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I’ve Dreamt Of Eggs On More Than One Occasion

I’ve Dreamt Of Eggs On More Than One Occasion

I’ve always had a good appetite. Whenever I would go over to my childhood best friend Upasna’s home for pyjama parties, I would most look forward to the Koki that her mother would make us in the morning. Koki is a layered flat bread, dense and lightly spiced, and Sindhis have it with a dollop of salted butter, and preferably with hot masala tea.

Back then, I was comfortable showing Upasna the true extent of my hunger, asking for seconds, and even requesting for snacks as the morning progressed. But as time went on, and I became more self-conscious, I would eat smaller portions whenever out with my friends, mimicking the sizes of their appetites. It was only in my mid twenties that I came to really understand that my appetite was actually my strength, and started taking pride in it.

I understood how to answer the true demands of my body with no shame, and tuned in to what she does for me with the fuel I give her — climb stairs and mountains, lift babies straight off the ground and on to my shoulders, plant saplings on my knees, lift suitcases for my parents, dance, run. My appetite was a sign of my health.

It’s no surprise then that these days, I often find myself dreaming about eggs. Not any kind eggs in particular, but all kinds, sometimes one for every mood or activity.

Recently, I found myself having indecent thoughts about scrambled eggs in the sterile office of a pathologist, waiting to take Glucose Tolerance Test (GTT). This is a particularly tough test, with trying circumstances that can ruffle practised calm, and the challenges lie in mastering and managing your hunger. I started dreading it from a few days before the actual test date.

For starters, you need to go in on a starving stomach. The last meal you would need to have had should have been your dinner, 10 hours back. You report for the test at about 8:30 in the morning, and to make matters much worse, the test lasts 2 hours on an empty stomach. The test involves depositing a blood sample as soon as you walk through the door, followed by gulping down a hyper-sweetened green drink that looks like it came out of the wrong end of a sports car. In an hour from then, you deposit another blood sample. And an hour after even that, they take yet another blood sample.

The motive of the GTT is to test your body’s ability to produce the right amount of insulin in response to sugar. In this case, it was also testing my body’s ability to keep me from free falling into a well of self-pity and depravity.

Immediately after dinner the previous night, I had phantom hunger sensations from the anxiety. I avoided the kitchen in the morning as Sid made his breakfast, picking up a book and heading straight for the clinic without making any eye contact — with Sid or his eggs.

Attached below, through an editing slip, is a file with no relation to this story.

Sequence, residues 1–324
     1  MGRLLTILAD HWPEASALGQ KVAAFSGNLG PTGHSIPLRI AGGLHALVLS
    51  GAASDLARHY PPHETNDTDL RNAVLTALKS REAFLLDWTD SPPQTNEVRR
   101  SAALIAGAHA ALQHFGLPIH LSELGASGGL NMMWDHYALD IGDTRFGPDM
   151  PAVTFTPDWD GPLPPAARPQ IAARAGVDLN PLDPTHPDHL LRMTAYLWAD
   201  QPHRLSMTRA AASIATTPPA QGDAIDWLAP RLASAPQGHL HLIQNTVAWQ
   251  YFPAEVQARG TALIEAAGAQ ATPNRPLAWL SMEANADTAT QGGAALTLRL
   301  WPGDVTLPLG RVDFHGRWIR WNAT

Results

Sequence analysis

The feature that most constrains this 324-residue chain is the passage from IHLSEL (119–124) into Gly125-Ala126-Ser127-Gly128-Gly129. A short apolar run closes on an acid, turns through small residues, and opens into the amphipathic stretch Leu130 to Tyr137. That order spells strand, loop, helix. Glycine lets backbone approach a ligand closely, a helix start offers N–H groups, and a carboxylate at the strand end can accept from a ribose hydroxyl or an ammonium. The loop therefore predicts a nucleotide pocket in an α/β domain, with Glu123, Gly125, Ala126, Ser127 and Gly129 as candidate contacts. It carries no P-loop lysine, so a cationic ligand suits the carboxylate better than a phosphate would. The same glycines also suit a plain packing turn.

Most mornings, I wake up and walk straight over to my kitchen island where I eat a banana, apple and anything else seasonal that I’ve procured at the weekend farmer’s market. Soon after, I eat a breakfast that I look forward to all the while that I am brushing my teeth, usually one of eggs, warm toast and ghee. The eggs are usually fried or a red and yellow scramble that I make from childhood memory, and it involves eggs scrambled with a little bit of chilli and turmeric.

This past year, I’ve started running 5k park runs on Saturdays. It’s usually a beautiful path by the Swan River and hundreds of locals come out with their dogs, their prams and their lycra. I usually start an enthusiastic runner, but somewhere along the midway point, where a volunteer is usually stationed to give you a motivating fist-bump, I’m struggling. I cope using egg-related fantasies, and that’s the only thing that keeps me going for the next 2.5k.

Other times when I’ve caught myself day dreaming about eggs have been at bus stops, libraries, while swimming, during jazz concerts and countless times during meditation retreats. When my mom makes a biryani, it is with extra boiled eggs in the masala, and I don’t see the point of Ramen without the saucy poached egg. You might find my pantry without salt, but never without eggs. Eating eggs for me is a ritual in both self-care and gluttony I suppose, and it is one that homes me — to my body and to my mind, and helps me understand my place in relation to the world and what is expected of me for the day.

If you have to woo me, it would be over eggs, and not over drinks and dinner. I regularly trade in breakfast currency — I’ll make you a great omelette for having my back, and I’ll accept a perfect poach with a side of smoked salmon as a bribe or an apology.

Throw in an avocado mash, and you can convince me to do pretty much anything.

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